Book: Dead Reckoning

Dead Reckoning (Sookie Stackhouse, #11)Dead Reckoning by Charlaine Harris

Publisher: Penguin Group (USA)
Publish Date: May 3, 2011
Series: Sookie Stackhouse/Southern Vampire Series #11
ISBN: 0441020313
ISBN-13: 9780441020317

Synopsis: New in the #1 New York Times bestselling Sookie Stackhouse series-the basis for HBO’s True Blood!

With her knack for being in trouble’s way, Sookie witnesses the firebombing of Merlotte’s, the bar where she works. Since Sam Merlotte is now known to be two-natured, suspicion falls immediately on the anti-shifters in the area. Sookie suspects otherwise, but her attention is divided when she realizes that her lover Eric Northman and his “child” Pam are plotting to kill the vampire who is now their master. Gradually, Sookie is drawn into the plot-which is much more complicated than she knows…

My rating: 3 of 5 stars

Note: Reading the 11th book in the Sookie Stackhouse series has made me realize that I should reread the books and give them all proper reviews. As I should with several books in series that are still ongoing.

I have had a love/hate with Sookie since the first time I met her in Dead Until Dark. While I have always been fond of her strong character, her witty brain, and lack of fear, that is also what I believe is her downfall. Sometimes, her personality comes off as too harsh and possibly even without tact. She can seem whiny, spoiled, and possibly annoying, but she’s so sure of herself and who she is that you cannot help but admire that about her. But it’s this unique personality that has me drawn to her, wouldn’t you think? You definitely cannot say that she is a wallflower. She is quite the opposite, in fact.

In the case of Dead Reckoning, it feels that Sookie has lost a big part of who she is. I feel like she has lost the strong and witty feminine character that drew me into the books. She muddles her way through this book, living life in seek of protecting her “family” from those who mean harm to them. In the beginning of the series, I always felt her strong sense of independence. In this book, and ones before it, Sookie seems dependent on the leading man. I know the genre calls for it, but I miss old Sookie.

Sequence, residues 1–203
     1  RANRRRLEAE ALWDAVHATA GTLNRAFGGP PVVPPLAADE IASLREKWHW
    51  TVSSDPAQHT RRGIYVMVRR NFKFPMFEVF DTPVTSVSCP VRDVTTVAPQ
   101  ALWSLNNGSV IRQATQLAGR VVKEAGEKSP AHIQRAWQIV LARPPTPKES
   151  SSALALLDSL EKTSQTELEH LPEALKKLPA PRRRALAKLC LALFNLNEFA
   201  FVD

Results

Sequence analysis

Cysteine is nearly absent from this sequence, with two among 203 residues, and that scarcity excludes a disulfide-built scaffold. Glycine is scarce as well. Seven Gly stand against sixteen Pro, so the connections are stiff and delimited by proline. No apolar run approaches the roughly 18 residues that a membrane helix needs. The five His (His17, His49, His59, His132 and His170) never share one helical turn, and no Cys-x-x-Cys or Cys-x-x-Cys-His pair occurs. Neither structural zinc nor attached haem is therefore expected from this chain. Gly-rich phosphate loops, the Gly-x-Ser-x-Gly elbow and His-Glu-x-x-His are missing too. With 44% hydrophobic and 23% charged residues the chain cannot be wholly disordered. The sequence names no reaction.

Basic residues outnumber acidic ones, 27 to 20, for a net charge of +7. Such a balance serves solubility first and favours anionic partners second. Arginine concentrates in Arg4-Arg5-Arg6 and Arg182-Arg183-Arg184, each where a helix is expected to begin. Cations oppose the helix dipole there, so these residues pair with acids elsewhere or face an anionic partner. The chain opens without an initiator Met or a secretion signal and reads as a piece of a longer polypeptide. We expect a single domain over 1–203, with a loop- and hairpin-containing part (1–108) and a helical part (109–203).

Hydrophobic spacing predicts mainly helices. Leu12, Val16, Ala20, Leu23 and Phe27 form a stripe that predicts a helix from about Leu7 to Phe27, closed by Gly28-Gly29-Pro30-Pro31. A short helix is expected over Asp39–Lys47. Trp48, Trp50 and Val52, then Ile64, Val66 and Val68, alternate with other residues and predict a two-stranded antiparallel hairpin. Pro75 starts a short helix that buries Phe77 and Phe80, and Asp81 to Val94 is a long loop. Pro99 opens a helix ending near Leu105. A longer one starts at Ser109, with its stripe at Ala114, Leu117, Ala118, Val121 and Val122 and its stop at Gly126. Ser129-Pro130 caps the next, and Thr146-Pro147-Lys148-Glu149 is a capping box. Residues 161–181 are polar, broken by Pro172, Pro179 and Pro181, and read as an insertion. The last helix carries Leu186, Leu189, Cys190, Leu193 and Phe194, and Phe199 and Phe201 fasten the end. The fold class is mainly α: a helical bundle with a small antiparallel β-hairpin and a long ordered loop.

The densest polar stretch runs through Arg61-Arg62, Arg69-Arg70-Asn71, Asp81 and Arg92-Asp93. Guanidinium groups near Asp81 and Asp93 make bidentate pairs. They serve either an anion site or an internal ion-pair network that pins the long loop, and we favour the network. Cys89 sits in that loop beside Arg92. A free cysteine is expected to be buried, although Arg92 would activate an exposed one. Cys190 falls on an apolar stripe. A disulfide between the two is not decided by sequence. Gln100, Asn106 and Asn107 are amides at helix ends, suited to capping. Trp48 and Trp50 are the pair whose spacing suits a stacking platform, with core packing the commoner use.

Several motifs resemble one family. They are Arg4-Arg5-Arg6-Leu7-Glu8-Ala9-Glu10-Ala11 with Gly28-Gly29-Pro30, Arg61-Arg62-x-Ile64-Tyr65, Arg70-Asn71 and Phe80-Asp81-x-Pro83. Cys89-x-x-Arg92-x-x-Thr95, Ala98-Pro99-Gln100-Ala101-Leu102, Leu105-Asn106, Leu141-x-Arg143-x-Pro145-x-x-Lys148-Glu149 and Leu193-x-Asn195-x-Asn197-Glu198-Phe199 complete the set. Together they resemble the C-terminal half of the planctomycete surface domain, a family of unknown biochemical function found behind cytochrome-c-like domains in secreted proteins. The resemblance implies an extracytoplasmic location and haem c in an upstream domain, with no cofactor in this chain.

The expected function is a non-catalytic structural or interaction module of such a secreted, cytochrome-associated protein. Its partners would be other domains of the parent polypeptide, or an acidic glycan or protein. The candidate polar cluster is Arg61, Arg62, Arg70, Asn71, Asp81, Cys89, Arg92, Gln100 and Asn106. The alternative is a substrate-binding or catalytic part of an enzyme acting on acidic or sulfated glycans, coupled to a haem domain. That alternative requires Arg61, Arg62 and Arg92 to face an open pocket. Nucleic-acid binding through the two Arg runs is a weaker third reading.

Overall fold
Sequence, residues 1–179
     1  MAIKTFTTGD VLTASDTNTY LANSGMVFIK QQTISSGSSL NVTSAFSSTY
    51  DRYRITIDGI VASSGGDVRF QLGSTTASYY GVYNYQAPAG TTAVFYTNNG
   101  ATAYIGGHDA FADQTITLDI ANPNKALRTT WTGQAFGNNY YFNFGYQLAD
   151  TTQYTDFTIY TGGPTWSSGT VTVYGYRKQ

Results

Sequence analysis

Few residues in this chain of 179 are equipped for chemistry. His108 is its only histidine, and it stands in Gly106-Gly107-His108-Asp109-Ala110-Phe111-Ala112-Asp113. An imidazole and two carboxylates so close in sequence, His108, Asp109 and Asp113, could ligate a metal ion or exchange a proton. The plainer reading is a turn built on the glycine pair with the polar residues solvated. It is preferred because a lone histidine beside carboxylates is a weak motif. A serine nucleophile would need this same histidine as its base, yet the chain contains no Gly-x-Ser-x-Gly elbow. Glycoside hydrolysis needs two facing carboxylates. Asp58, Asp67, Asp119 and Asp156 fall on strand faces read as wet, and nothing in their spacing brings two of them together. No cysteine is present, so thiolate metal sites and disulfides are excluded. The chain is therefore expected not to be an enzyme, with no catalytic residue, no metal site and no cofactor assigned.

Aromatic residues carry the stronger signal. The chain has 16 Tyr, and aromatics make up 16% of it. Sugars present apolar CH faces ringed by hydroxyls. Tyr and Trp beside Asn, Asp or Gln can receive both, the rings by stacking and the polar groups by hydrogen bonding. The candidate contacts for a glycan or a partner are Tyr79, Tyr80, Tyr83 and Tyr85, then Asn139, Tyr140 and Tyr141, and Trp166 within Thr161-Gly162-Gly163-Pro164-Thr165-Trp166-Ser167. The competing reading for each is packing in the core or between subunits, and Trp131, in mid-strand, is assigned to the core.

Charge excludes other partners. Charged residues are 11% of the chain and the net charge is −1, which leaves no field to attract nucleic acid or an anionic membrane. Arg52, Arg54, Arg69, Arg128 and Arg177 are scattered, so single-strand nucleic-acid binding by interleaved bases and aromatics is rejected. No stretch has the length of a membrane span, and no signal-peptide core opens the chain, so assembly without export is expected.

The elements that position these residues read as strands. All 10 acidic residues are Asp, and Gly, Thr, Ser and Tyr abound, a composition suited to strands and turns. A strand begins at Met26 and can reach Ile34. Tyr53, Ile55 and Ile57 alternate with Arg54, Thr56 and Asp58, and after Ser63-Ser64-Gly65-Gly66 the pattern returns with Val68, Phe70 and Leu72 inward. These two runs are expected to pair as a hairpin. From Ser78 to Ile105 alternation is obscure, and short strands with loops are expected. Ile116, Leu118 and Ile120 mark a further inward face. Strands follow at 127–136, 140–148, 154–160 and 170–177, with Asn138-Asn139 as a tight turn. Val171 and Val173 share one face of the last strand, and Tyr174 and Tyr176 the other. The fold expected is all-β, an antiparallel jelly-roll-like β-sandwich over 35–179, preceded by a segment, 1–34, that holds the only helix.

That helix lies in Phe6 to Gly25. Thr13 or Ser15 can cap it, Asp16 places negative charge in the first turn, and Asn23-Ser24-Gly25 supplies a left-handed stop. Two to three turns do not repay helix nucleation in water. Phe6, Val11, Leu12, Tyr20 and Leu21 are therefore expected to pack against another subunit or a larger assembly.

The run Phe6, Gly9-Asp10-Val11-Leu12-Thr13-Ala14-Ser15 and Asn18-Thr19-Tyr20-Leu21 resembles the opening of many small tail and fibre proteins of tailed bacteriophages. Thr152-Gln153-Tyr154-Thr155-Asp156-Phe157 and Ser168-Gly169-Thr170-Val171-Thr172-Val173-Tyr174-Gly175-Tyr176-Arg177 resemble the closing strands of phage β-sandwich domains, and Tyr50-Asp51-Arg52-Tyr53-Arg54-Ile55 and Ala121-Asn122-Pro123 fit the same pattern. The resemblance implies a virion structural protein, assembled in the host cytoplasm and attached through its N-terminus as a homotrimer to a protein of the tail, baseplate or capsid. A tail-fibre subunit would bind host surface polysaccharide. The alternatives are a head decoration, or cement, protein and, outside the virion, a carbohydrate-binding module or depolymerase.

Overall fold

Eric, in the other hand, has developed as a character. He has grown more complex as a supporting, and dare I say it, and could be considered a favored lead in this book and the series. He has proven to the readers that he is not going anywhere, no matter what Harris, the vampires, or the supes has to throw at him. His relationship with Pam, with Sookie, and with the new characters introduced in this book has shown the range of who Eric is as a character. He is definitely my favorite in this book.

While Dead Reckoning was a good and easy read, there were definitely parts that had me confused. There are some scenes in this book that Harris seemed to go over details that were missed in other books of the series. I found that this book felt disconnected at times and that there wasn’t the same flow in the story line.

While I may have given it a lower review than the other previous books, I still found this an enjoyable read. I still love the series and have a fondness for the characters. Dead Reckoning was published at the right time, given that True Blood is just around the corner. I definitely suggest this book if you are a fan of Sookie, Eric and the Southern Vampire series.

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